Romeo Doubs will get a chance to catch passes from Aaron Rodgers

Nevada wide receiver Romeo Doubs (7) runs with the ball on a reverse against Boise State.
Nevada wide receiver Romeo Doubs runs with the ball on a reverse against Boise State in October.
(Steve Conner / Associated Press)

Life works in strange ways. Romeo Doubs, who was a quarterback for a double-wing T offense in high school at Los Angeles Jefferson, was drafted on Saturday in the fourth round, No. 132 overall, to be a wide receiver for the Green Bay Packers and catch passes from future Hall of Fame quarterback Aaron Rodgers.

“I think it’s awesome,” said former Nevada assistant Eric Scott, who recruited Doubs to Nevada to play receiver. “That is a great pick and a great place. It’s amazing.”

Doubs, 6 feet 2 and 200 pounds, had 225 receptions for 3,322 yards and 26 touchdowns in his Nevada career. He had 80 catches for 1,109 yards as a senior. He wasn’t highly recruited at Jefferson but Scott was the head coach at Los Angeles High when he saw Doubs’ athleticism as a sophomore, and he made a big impression.

“A lot of people wanted him to play defensive back. I thought he’d be a great receiver,” said Scott, now an assistant at San Jose State. “I had the luxury of playing against him. He played quarterback, running back, safety. When you watch film and watch him around, you spot who is the most talented athlete on the field.”

Doubs said, “I’ve been taking my time working my tail off to fulfill this opportunity to the best of my ability.”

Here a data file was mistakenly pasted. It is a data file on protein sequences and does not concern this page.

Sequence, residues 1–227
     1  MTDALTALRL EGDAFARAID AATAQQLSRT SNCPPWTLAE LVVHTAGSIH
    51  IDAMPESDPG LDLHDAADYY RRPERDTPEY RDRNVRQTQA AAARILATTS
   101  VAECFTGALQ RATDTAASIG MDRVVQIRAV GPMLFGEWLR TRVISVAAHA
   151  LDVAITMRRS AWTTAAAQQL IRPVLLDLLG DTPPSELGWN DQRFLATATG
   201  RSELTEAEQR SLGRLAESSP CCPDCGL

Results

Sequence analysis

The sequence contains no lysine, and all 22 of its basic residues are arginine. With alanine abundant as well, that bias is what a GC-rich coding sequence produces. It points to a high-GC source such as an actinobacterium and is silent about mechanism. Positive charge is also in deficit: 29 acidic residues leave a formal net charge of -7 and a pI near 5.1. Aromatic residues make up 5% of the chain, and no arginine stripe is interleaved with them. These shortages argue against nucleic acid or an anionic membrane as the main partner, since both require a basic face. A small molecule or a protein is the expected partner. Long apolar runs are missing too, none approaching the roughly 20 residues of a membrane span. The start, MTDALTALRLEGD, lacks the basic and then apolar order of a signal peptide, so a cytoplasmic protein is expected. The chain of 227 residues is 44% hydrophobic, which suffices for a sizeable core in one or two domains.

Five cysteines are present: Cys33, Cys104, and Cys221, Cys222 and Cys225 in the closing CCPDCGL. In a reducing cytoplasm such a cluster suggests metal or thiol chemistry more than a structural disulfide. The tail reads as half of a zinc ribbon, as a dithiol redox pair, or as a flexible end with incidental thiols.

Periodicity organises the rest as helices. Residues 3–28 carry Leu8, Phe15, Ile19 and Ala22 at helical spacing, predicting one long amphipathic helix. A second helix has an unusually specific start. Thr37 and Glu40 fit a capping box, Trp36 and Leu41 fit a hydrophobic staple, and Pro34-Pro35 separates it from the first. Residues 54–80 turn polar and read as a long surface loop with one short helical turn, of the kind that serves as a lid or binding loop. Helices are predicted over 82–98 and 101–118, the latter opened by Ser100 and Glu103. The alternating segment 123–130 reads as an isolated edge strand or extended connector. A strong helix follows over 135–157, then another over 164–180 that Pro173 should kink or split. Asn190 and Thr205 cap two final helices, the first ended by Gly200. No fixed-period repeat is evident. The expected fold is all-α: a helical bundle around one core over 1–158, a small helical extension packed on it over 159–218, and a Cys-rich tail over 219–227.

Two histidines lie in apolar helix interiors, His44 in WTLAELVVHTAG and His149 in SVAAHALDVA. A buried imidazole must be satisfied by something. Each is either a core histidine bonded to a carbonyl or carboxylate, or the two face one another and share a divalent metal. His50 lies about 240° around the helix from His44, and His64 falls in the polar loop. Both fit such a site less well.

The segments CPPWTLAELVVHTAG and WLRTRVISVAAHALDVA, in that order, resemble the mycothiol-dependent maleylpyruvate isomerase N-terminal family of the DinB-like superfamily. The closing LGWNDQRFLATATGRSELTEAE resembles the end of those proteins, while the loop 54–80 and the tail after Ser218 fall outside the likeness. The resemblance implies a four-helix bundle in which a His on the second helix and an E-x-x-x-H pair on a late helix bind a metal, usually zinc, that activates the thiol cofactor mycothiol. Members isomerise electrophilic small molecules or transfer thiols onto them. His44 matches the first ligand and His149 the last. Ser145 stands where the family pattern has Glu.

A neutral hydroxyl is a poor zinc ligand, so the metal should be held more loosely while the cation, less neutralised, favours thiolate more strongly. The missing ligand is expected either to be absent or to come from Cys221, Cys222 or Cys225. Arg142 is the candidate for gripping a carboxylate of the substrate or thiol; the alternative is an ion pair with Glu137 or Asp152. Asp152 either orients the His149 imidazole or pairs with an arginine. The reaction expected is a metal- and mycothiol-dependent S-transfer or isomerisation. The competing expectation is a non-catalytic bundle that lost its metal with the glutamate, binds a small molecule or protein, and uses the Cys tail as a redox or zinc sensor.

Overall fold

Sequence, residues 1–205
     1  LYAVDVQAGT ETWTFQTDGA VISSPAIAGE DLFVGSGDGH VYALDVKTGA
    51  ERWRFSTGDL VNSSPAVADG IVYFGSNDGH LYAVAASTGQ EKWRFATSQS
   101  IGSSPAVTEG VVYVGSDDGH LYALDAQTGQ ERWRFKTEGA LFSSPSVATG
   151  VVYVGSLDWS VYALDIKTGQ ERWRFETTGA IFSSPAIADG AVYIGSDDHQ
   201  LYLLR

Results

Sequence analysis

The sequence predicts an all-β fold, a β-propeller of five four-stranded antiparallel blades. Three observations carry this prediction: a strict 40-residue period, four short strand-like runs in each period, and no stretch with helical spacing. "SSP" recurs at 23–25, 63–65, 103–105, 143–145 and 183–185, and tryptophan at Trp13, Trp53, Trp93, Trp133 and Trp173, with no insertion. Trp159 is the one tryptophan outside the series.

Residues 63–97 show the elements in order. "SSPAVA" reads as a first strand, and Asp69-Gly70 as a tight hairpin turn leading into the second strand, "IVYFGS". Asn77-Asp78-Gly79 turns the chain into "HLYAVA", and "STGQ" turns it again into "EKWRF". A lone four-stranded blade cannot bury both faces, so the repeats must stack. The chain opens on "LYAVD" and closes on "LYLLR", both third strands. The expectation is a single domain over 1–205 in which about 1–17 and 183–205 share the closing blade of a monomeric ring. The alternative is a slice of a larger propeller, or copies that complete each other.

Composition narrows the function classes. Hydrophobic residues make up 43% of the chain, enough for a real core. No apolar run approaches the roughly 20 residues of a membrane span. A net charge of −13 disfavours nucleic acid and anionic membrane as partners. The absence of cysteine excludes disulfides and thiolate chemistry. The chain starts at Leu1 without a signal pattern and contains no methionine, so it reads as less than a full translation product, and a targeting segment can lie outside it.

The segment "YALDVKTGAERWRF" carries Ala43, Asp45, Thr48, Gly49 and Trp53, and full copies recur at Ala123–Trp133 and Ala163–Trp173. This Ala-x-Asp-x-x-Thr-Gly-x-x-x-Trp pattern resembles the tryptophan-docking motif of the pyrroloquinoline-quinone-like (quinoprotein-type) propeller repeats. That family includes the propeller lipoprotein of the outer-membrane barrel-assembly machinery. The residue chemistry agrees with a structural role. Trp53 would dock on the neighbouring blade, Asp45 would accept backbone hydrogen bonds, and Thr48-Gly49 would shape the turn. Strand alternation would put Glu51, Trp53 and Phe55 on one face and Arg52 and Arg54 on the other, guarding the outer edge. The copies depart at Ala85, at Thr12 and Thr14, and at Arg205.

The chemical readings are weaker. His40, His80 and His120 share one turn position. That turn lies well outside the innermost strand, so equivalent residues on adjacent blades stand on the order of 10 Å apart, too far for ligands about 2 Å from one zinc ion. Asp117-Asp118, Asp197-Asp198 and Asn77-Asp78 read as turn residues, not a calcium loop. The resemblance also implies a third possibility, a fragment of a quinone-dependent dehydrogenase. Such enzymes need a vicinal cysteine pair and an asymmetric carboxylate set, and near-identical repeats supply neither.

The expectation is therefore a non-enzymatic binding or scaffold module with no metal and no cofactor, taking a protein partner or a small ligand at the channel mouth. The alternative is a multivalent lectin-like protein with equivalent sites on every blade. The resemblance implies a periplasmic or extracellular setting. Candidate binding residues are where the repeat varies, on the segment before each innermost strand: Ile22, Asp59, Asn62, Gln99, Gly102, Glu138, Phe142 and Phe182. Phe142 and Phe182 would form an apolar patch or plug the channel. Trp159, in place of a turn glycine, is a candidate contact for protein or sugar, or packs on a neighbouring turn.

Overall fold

His high school coach, David Wiltz, said, “All the work that he put in day in and day out is what has him in this position to continue playing at the next level.”

A positive comeback story continues for Jack Jones, a cornerback from Arizona State who was a star recruit at Long Beach Poly and originally signed and played for USC. He was chosen by the New England Patriots in the fourth round (No. 121 overall).

Jones was a sophomore starter for USC in 2017, then was dismissed from school in 2018 for academic issues. In the summer, he was arrested for burglary that resulted in a guilty plea to a second-degree misdemeanor. He went to Moorpark College to improve his grades.

Arizona State coach Herm Edwards decided to give him a second chance in 2019. Last season, Jones had 42 tackles and three interceptions.

Former Long Beach Poly coach Raul Lara, who coached Jones as a freshman and sophomore, said he “was one of those kids you knew from an early age could be a special kid” in the mode of former Poly standouts Marcedes Lewis, JuJu Smith-Schuster and DeSean Jackson.

“Arizona State gave him a second chance to rejuvenate his football career and now he has a chance to play in the NFL,” Lara said.


Poly has sent the most alumni from any high school in America to the NFL at more than 60, and has Jones and Matt Corral (Carolina Panthers) from this year’s draft.

Vista Murrieta graduate Khalil Shakir, a receiver from Boise State, was chosen by the Buffalo Bills in the fifth round (No. 148). He runs 40 yards in 4.43 seconds and was used in a variety of roles during his high school days, returning punts and kickoffs. Former Fontana Kaiser running back Tyler Allgeier from Brigham Young went to the Atlanta Falcons at No. 151. He was a walk-on for the Cougars.

UCLA receiver Kyle Philips was taken by the Tennessee Titans at No. 163. Center Luke Wattenberg, who played for San Juan Capistrano JSerra and Washington, was chosen No. 171 by the Denver Broncos.

In the sixth round, former Santa Margarita tight end Grant Calcaterra from Southern Methodist went No. 198 to the Philadelphia Eagles. USC running back Keaontay Ingram was chosen by the Arizona Cardinals at No. 201.

In the seventh round, the Las Vegas Raiders selected UCLA running back Brittain Brown (No. 250), and Cal defensive back Elijah Hicks from La Mirada High went to the Chicago Bears at No. 254.